“How was your summer?” Chances are you’ve heard those four words about three hundred times since you got back to campus. When asked by a certain close friend, mentor, or beloved professor, this question inspires delight and is a joy to answer. You might have even saved up anecdotes or difficult experiences to process with this person in expectation of this encounter. But, if someone you don’t know very well abruptly inquires about what you did, where you went, or “just how it all was,” you might freeze, unprepared and drawing a blank. What did I do?
And so you’ll babble lightly about Netflixing and sleeping and going to the beach and walk away frustrated and slightly mortified, forming a more sophisticated answer for next time.
I’ve gone through this scenario multiple times myself in the three weeks since I got back to school. It’s jarring and disorienting. Why is it so difficult to communicate what happened less than a month ago?
Many students experienced so much during their summer that condensing their experience feels overwhelming. Jon-Michael Shelley (‘19) reflects, “Honestly, I already knew I would have trouble with the passive ‘How was your summer?’ question before I got back to school. Despite knowing how it would feel much beforehand, I still struggle to answer it. It’s easier with people who knew that I was on the Yakama Reservation. I tell them, ‘Hard. But good.’ It’s the truth. And it’s also an invitation to know more if they want to know more.” As Jon-Michael implies, there is strain and frustration in paring down three months’ worth of memories into a few sentences.
Alyssa Davila (‘19) spent last summer church planting in Thailand. For her, there’s a sense of defeat in the repetition: “I would hear that question so many times, I would almost not even want to answer anymore, because I got tired of saying the same thing over and over.”
For me, the difficulty is how dreamlike and distant summer feels. For six weeks during June and July, I taught English in Hong Kong, then traveled to Cambodia to observe university classes. The experience was transformative, wonderful, and challenging, but as soon as I landed in the States on August 1, my brain snapped back into school mode. Almost instantly mental images of neon-lit night markets, steaming dumplings,and skyscrapers against green islands began to fade like a Polaroid developing in reverse.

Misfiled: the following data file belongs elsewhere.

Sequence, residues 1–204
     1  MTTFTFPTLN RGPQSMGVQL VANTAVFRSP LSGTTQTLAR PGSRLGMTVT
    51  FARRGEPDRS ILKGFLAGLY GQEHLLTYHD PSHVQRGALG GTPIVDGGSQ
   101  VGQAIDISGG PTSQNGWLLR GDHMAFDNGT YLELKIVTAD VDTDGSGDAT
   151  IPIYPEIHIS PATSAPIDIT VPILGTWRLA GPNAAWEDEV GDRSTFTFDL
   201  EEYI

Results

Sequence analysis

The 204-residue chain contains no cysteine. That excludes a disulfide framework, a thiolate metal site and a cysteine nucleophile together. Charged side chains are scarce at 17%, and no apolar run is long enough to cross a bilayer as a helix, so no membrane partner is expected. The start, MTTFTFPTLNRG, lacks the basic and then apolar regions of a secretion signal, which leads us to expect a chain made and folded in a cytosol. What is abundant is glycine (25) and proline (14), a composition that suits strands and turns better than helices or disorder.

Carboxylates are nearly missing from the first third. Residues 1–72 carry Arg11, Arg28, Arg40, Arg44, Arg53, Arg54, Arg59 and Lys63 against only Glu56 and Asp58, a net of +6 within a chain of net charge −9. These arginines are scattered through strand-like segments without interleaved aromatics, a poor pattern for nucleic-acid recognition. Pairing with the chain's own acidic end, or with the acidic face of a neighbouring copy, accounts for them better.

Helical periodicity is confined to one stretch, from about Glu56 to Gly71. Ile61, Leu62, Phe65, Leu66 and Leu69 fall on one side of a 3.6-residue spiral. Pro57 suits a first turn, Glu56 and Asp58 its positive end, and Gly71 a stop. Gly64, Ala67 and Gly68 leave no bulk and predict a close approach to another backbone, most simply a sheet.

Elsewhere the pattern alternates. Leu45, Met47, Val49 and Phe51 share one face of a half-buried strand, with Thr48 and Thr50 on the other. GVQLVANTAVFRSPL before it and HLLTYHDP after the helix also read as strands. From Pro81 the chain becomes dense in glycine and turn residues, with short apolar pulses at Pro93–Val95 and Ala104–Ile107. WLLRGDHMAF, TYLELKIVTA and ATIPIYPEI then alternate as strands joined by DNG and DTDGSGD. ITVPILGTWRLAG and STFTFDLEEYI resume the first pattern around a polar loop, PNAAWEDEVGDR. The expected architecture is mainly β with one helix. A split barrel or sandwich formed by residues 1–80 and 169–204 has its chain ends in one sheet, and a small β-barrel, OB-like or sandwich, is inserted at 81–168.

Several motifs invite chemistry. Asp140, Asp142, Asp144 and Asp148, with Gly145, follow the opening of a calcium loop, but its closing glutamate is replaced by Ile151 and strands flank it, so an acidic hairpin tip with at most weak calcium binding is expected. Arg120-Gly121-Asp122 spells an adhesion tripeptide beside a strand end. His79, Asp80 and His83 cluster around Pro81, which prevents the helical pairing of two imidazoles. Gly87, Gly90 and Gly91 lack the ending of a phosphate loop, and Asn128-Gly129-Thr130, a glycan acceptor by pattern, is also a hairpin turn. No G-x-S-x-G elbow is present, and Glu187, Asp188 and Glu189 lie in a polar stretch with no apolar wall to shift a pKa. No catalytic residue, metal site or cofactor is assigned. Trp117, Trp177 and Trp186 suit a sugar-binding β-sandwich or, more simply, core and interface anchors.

Maybe that’s your story, too.
In the book of Deuteronomy, God persistently encourages his people to look back and reflect on how He had cared for them in the past. Moses commands the Israelites in Deuteronomy 4:9, “Only take care, and keep your soul diligently, lest you forget the things that your eyes have seen, and lest they depart from your heart all the days of your life”
Our problem isn’t being too busy, loving life at Covenant too much, or being too apathetic to remember our summer experiences. It’s actually two-fold; we’re finite and we’re forgetful, all-too-human failings. Our tendency to move on from seasons without processing them is hurting our ability to express what we saw, did, created, felt, learned. Reflecting upon and recording the good, the hard, and the everyday sweetness of being a Christ-follower should be an integral part of our spiritual lives.
Whether you’re a freshman caught up in the excitement of college life or a seasoned upperclassman already looking up the date of graduation in the academic calendar, take several moments to remember how you saw the goodness and faithfulness of the Lord during the summer. The Father never dismisses our experiences and never needs an invitation to listen. How did He continue the good work he began in you? Where did you see His hand guiding you and defending you?
In the next few weeks, consider creating an Ebenezer, or “stone of help.” This word comes from a passage in 1 Samuel 7:12, in which Samuel sets up a stone to remember Yahweh’s past provision. Use a page in your journal or a note on your phone (or an actual rock, if that’s your thing!) and record the big and small ways you see God’s tangible love flowing over your days. Return to this “stone” in the coming months and find your trust in Jesus renewed.